Are Your Constant Headaches Due to Low Vitamin D?

When Deficiency Leads to Head Pain

Close-up of hand holding vitamin d pills
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Have you heard your friends talking about their vitamin D level? Did you doctor check your level at your annual checkup?

While vitamin D plays a role in bone health, there is inconsistent data on its role in other medical conditions, such as heart disease, autoimmune diseases, cancer, and pain disorders, like chronic pain and headaches. 

What Is Vitamin D?

Vitamin D is a fat soluble vitamin that exists in two forms:
• cholecalciferol (vitamin D3): derived from ultraviolet light penetrating the skin and present in oily fish, such as salmon and tuna.


• ergocalciferol (vitamin D2): derived from the fungal sterol, ergosterol, and found naturally in sun-dried, shiitake mushrooms.

Both forms of vitamin D are used in the fortification of foods and in vitamin D supplements.

What Is Vitamin D Deficiency?

When individuals are vitamin D deficient, parathyroid hormone levels in the body increase, causing calcium to be leeched from the bones. This leads to bone weakening, causing rickets in children and osteomalacia in adults—patients with osteomalacia have diffuse bone and muscle pain and weakness.

If your doctor decides to check your vitamin D status, he will measure your 25-hydroxyvitamin D level.

What Causes Vitamin D Deficiency?

A number of medical conditions can predispose individuals to vitamin D deficiency including:

  • malnutrition
  • kidney or liver disease
  • gut malabsorption, as in celiac disease

Low sunlight exposure is also a concern for vitamin D deficiency, especially those who reside in nursing homes or who live in geographical regions with little daylight.

Vitamin D and Head Pain

There may be a link between headaches and vitamin D deficiency. In 2009, two researchers in India published a paper in Headache—a study on eight patients with both vitamin D deficiency and chronic tension-type headaches.

All the patients in the study had very low vitamin D levels (25-hydroxyvitamin D levels <10ng/mL), and had little to no relief of their headache with conventional drugs.

The patients were supplemented with daily vitamin D (1000-1500IU) and calcium (1000mg), and obtained headache relief within a few weeks of therapy.

The researchers felt that the vitamin D—not the calcium—was more essential to headache relief due to the timing of the relief. They explained that calcium levels typically return to normal within a week, but the patients did not feel relief of their headache for four to six weeks, which is when their vitamin D levels started returning to normal.

In another study in The Journal of Headache Pain, researchers found that with increasing latitude (moving closer to the North and South Pole and farther away from the equator), the prevalence of headaches, both migraines and tension-type headaches, increased.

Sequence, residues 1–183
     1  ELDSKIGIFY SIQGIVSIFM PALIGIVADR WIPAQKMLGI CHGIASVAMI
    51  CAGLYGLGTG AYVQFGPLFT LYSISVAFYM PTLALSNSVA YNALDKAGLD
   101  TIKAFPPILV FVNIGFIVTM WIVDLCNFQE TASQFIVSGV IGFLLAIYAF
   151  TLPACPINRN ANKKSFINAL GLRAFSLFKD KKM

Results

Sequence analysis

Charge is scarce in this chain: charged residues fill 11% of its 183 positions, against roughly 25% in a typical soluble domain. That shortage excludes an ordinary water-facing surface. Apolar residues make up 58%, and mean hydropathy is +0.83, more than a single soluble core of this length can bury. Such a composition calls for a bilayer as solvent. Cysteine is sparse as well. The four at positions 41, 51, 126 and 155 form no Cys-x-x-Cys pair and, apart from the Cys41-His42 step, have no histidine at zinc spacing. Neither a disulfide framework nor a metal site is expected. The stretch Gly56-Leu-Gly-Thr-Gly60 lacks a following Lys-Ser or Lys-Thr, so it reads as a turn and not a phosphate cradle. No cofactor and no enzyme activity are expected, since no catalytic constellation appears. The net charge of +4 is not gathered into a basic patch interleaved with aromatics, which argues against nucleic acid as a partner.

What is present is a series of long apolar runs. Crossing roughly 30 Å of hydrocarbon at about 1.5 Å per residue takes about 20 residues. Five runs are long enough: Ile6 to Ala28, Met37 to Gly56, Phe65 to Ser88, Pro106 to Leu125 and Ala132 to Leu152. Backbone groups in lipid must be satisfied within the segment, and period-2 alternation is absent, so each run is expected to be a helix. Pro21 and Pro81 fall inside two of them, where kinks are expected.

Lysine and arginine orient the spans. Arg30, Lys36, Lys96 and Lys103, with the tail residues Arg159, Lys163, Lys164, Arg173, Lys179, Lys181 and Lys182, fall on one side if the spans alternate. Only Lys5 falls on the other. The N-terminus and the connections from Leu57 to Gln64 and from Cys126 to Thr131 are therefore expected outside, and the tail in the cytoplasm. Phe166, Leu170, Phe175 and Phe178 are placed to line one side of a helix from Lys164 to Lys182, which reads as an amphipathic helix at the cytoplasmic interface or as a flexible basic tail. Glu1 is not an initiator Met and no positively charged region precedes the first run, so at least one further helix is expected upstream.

As you may already know, the increase in latitude (or the farther you get from the equator) correlates with less intense and a shorter duration of sunlight. With less sunlight, there is less vitamin D absorption, so presumably lower levels overall.

What Is a Sufficient Vitamin D Level?

While there is no consensus on the optimal level of vitamin D, most experts believe that a 25-hydroxyvitamin D level under 20 nanograms per milliliter or ng/mL is deficient. Depending on your other medical problems, your doctor may even prefer a higher vitamin D level—there are simply no definitive guidelines at this time. 

The Bottom Line

Remember that a link or association does not mean that one causes the other. The big picture here is that low vitamin D may contribute to head pain. In other words, headaches may be more common in people who live farther from the equator where there is less sunlight. But this is certainly not a hard and fast rule and more studies—especially large randomized controlled trials—are needed to better articulate this relationship.

Being aware of the potential association between headaches and vitamin D will make you a more informed patient. Consider discussing your physician's opinion on vitamin D or other alternative therapies for your headaches, especially if they are not improving with your current regimen. 

Sources:

Holick MF. Vitamin D deficiency. New England Journal of Medicine. 2007;357(3):266-81.

Holick MF et al. Evaluation, treatment, and prevention of vitamin D deficiency: an Endocrine Society clinical practice guideline. The Journal of Clinical Endocrinology & Metabolism. 2011;96(7):1911-30.

Prakash S, Mehta, NC, Dabhi AS, Lakhani O, Khilari M, Shah ND. The prevalence of headache may be related with the latitude: a possible role of Vitamin D insufficiency? The Journal of Headache & Pain. 2010;11(4):301-7

Prakash, S. Shah ND. Chronic tension-type headache with vitamin D deficiency: casual or causal association? Headache. 2009;49(8):1214-22.

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